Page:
In our opinion, quite apart from other reasons, there is a prosaic political logic at work here: after the “bitter pill” it is necessary to offer a “sweet bon-bon”. Georgia had to abandon its basic negotiating position on Russia's WTO accession under pressure from the West. Having withdrawn its demand for Georgian custom officials to be present at the Russian-Abkhazian border on the River Psou, Tbilisi, one can say, has recognised these borders as not its own. A private audit at the border will quickly in time become a mere formality, and, after three years can be done away with altogether. Moreover, in Georgia irritation has long been brewing over the unwillingness of European officials to identify for Tbilisi at least some prospects of EU membership. We recall how the bitterness of another failure in fixing the time-frame for membership of NATO was similarly sweetened for Tbilisi by means of the odious Resolution of NATO’s Parliamentary Assembly, adopted a few days before the Lisbon Summit.
In general, the said resolution once again marks out a problem that prevents the effective participation of the EU in resolving the conflicts and promoting development in the Southern Caucasus. In particular, it undermines the efforts of the EU Southern Caucasus office regarding cooperation with Abkhazia. If the Abkhazian authorities are just puppets who decide nothing, as follows from the resolution, then why do European officials visit Sukhum and meet with Abkhazian officials? However, just recently, the new EU Special Representative for the Southern Caucasus, F. Lefort, visited Sukhum and noted the importance of contacts with the authorities of the republic.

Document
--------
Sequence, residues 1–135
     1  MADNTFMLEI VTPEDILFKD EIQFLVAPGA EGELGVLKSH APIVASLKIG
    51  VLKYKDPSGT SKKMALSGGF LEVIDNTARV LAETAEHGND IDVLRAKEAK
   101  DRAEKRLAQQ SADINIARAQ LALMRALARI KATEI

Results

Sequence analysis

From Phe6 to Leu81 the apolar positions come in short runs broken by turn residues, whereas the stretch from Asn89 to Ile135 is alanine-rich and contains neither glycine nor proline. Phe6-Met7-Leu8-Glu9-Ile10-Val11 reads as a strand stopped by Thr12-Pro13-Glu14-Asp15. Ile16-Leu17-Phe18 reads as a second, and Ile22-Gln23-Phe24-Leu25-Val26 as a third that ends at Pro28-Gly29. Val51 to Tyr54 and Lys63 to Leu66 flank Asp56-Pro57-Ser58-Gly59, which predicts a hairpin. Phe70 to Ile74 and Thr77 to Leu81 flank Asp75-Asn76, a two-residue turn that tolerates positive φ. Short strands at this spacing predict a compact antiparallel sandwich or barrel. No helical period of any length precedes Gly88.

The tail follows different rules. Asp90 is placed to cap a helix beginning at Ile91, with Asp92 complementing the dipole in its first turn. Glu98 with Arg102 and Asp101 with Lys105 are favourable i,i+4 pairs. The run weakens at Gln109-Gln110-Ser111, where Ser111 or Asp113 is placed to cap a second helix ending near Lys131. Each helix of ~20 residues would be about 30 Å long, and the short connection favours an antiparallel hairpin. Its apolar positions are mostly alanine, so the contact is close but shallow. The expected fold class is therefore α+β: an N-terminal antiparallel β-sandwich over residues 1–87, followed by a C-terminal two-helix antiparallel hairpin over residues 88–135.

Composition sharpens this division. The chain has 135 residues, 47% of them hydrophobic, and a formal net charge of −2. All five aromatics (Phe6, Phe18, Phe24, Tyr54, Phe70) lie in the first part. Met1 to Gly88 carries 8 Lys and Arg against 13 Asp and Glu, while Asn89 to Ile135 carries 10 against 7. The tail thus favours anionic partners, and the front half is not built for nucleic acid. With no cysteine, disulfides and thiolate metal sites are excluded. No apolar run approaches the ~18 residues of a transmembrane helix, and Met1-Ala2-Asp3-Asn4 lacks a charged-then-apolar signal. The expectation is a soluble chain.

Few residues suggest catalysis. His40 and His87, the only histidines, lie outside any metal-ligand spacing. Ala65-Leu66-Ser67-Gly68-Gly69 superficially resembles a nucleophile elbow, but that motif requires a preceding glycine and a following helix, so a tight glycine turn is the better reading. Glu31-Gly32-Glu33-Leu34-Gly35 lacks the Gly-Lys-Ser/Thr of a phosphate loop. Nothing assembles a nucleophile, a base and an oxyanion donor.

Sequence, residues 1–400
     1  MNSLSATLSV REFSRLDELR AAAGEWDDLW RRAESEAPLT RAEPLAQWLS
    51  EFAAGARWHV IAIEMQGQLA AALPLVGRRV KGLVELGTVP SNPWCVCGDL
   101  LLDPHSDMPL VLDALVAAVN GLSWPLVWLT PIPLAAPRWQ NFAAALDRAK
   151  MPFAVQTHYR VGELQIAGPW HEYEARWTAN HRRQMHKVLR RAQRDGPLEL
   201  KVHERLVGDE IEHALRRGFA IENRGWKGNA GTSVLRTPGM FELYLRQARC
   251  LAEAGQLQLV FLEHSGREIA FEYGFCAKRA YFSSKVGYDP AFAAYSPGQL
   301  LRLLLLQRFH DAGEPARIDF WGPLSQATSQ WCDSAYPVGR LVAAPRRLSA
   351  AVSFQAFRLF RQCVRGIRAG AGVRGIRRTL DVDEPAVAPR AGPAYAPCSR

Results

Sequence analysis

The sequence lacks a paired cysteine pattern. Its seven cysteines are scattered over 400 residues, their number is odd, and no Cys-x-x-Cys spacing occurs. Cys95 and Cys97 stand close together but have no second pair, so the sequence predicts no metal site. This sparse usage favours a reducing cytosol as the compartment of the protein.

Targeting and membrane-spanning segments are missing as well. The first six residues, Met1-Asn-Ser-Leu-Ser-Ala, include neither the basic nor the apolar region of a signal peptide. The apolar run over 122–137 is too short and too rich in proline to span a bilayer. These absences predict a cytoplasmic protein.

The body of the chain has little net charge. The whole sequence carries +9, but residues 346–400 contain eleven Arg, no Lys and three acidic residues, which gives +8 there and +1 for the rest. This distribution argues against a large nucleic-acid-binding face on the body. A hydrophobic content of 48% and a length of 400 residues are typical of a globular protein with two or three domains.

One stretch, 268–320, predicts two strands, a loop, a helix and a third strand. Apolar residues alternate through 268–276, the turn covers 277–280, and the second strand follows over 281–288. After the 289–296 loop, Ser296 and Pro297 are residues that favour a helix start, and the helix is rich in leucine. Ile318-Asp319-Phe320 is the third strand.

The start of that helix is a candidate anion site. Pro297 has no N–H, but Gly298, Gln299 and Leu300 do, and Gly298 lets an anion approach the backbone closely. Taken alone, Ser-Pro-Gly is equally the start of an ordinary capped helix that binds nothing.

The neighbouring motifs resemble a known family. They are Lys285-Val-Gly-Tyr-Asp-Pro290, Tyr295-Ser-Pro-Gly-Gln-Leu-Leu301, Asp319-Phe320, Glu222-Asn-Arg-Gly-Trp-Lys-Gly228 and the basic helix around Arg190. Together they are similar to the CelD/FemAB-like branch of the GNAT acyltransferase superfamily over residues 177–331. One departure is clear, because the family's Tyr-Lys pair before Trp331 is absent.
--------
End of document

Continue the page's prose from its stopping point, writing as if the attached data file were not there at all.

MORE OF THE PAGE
Consequently, the main problem is the total lack of coordination in Europe’s involvement in the region. Firstly, there is lack of agreement at the level of EU policy-formulation, comprising rivalry between the branches of European power, and within certain structures (opposition between K. Ashton and P. Semneby). Secondly, there is a dramatic gap in the real understanding of the situation existing between a small number of EU officials and the expert-groups supporting them, on the one hand, and the bulk of not only European officials and MEPs, but Europeans in general, on the other hand. The crises that are shaking the European Union at the present time have an impact on this situation.
As a result, we have a resolution that has little impact on the rhetoric and political tactics of Europeans who interact directly with Abkhazia, and which, naturally, will have no bearing on Russian politics but will clearly worsen the overall perception of the West in the eyes of the residents of Abkhazia and South Ossetia. If the adoption of such a one-sided resolution is also able to encourage the morale of the Georgian leadership, then it is doubtful that it can play a positive role in strengthening stability in the Southern Caucasus.
Source: ALLS Media Monitoring, Sukhum, Abkhazia
- Русская версия: Комментарий на Резолюцию Европарламента по Грузии от 17 ноября 2011 г.